Kirby’s Dream Buffet review

by on August 25, 2022
Reviewed On
Release Date

August 17, 2022.


There are some big comparisons to make when thinking about Kirby’s Dream Buffet. The first that comes to mind is like it’s a pared-down version of Fall Guys, but with helpings of Katamari Damacy thrown in for good measure, and a tiny dusting of Mario Party. And while it’s not quite as exceptional as any of those titles, as an opening gambit, Dream Buffet is a lot of fun, and worthy of consideration if you like that kind of thing.

Essentially, this digital-only Switch offering is about rolling Kirby through a course laden with different paths and obstacles, munching strawberries along the route, butting your opponents out of the way, and getting to the finish line. As you grab more shiny red fruit you’ll grow in size, which is where the Katamari comparison comes in. You can grab copy abilities as you roll through the course, and as you’d expect, some are way better than others.

Kirby's Dream Buffet review

Kirby’s Dream Buffet | Strawberries mean points

The larger you are, the more fruit you have; and strawberries mean points. At the finish line, you will find three big strawberry cakes, the middle offering a full 50 points, with the two smaller by the side offering 20 and 10 respectively. In other words, if you’re fourth, you aren’t getting any kind of bonus.

After rushing through the course, you get the mini-game, which feels largely skewed towards who finished better in the first route. Once again you have to grab the sweet, sweet strawberries, but now it’s all in a small arena in a tight all-for-one match, where you can still use special copy abilities grabbed from boxes. Then it’s onto another big Fall Guys-style obstacle course, all the while your total strawberry count is going up and up.

Lastly, there’s a Battle Royale, but not like you’re thinking. This is, again, a small arena where you collect yet more shiny red fruit, but you also roll into opponents, sending them flying in a Smash Bros. style “whoosh” to the distance. Again the tally continues. After all of this, you’re ranked first to fourth and should be playing online, you’ll go your separate ways until you meet again.

Kirby's Dream Buffet review

Offline and online

It’s largely fun, though feels very much a case of if you do badly in the first round, you’re really up against it for the rest of the match. A good variety of options are on offer, with the online mode allowing for password-protected private matches, local play mode, and battle mode which is basically offline mode and lets you practice single courses, or even just “free-roll”, or practice mode to you and I.

As you progress through the levels, every strawberry adds to your experience bar, and each time you “level up” you get a new outfit, sticker to decorate your home cake, or simply a colour for Kirby to be. Whether you want to dress up as a green Meta Knight, or a cream-headed Red Kirby, that’s up to you, but it won’t affect the game and is purely aesthetic.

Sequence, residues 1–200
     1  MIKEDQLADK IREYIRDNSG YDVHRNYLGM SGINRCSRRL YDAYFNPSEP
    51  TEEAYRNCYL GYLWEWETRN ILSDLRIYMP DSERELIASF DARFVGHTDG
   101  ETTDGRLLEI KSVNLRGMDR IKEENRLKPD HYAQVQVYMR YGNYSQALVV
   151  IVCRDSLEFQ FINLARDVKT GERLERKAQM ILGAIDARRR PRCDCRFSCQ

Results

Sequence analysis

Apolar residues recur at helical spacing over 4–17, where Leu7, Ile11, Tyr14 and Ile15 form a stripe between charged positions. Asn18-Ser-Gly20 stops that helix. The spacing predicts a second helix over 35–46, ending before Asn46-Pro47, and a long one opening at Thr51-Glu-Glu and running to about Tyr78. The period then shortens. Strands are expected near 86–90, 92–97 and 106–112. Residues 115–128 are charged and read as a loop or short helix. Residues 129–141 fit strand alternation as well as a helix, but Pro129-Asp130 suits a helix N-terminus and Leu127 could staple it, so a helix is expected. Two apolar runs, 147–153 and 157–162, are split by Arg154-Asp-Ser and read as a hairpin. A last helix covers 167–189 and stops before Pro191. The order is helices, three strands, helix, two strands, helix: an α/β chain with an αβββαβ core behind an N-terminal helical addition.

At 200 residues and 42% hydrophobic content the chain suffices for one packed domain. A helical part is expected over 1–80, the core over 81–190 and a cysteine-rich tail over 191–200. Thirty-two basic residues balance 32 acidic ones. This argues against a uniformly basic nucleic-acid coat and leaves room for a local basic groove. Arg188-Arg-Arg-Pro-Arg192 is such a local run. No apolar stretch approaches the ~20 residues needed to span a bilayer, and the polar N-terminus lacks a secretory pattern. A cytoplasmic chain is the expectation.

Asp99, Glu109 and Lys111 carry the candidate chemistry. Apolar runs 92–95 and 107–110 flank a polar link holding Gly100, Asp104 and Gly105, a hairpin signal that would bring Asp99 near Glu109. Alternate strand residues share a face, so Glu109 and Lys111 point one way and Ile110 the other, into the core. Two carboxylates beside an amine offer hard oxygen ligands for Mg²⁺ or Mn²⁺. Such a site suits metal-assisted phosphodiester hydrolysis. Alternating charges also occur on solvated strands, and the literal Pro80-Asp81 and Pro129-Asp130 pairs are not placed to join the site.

And that’s kind of it. Kirby’s Dream Buffet has lots of rewards in amongst everything else, with fact-snippets appearing about older games. There’s even a chance to learn about previous adventures and musical rewards for having played games like Kirby and the Forgotten Land. Were this a free-to-play offering, I’d have no problem fully recommending it, as there’s very little latency ruining online matches, and zero barrier to entry. It’s one of those Kirby titles designed for literally anyone, and everyone to play. Every button is “jump”, the stick moves our little pink delight, and the R-bumper uses your copy ability. That’s literally it.

Kirby's Dream Buffet review

A buffet to dip into

But it’s not free to play. While the £13.49 (UK) price tag isn’t exactly steep, it’s one of those that you might want to keep an eye on for the future. Should Nintendo support Kirby’s Dream Buffet with updates, new courses (there’s plenty of variety, but in these types of games more is always nice), then it’s only going to get better. It’s a lot of fun, but it’s the kind of fun you can’t quite see yourself returning to over and over again.

Parents with younger children will get a kick out of the split-screen option to enjoy some laughs with them, but the more serious online player might find it too simplistic. But then, Fall Guys was a game that has evolved massively over time, so who knows where Kirby’s Dream Buffet might end up?


Simple fun for all the family
Lots of ways to play
Glorious looking and sounding


Feels free to play but isn't
First round feels too important

Editor Rating
Our Score


In Short

Should Nintendo support Kirby's Dream Buffet it with updates, new courses, then it’s only going to get better. It’s a lot of fun, but it’s the kind of fun you can’t quite see yourself returning to over and over again.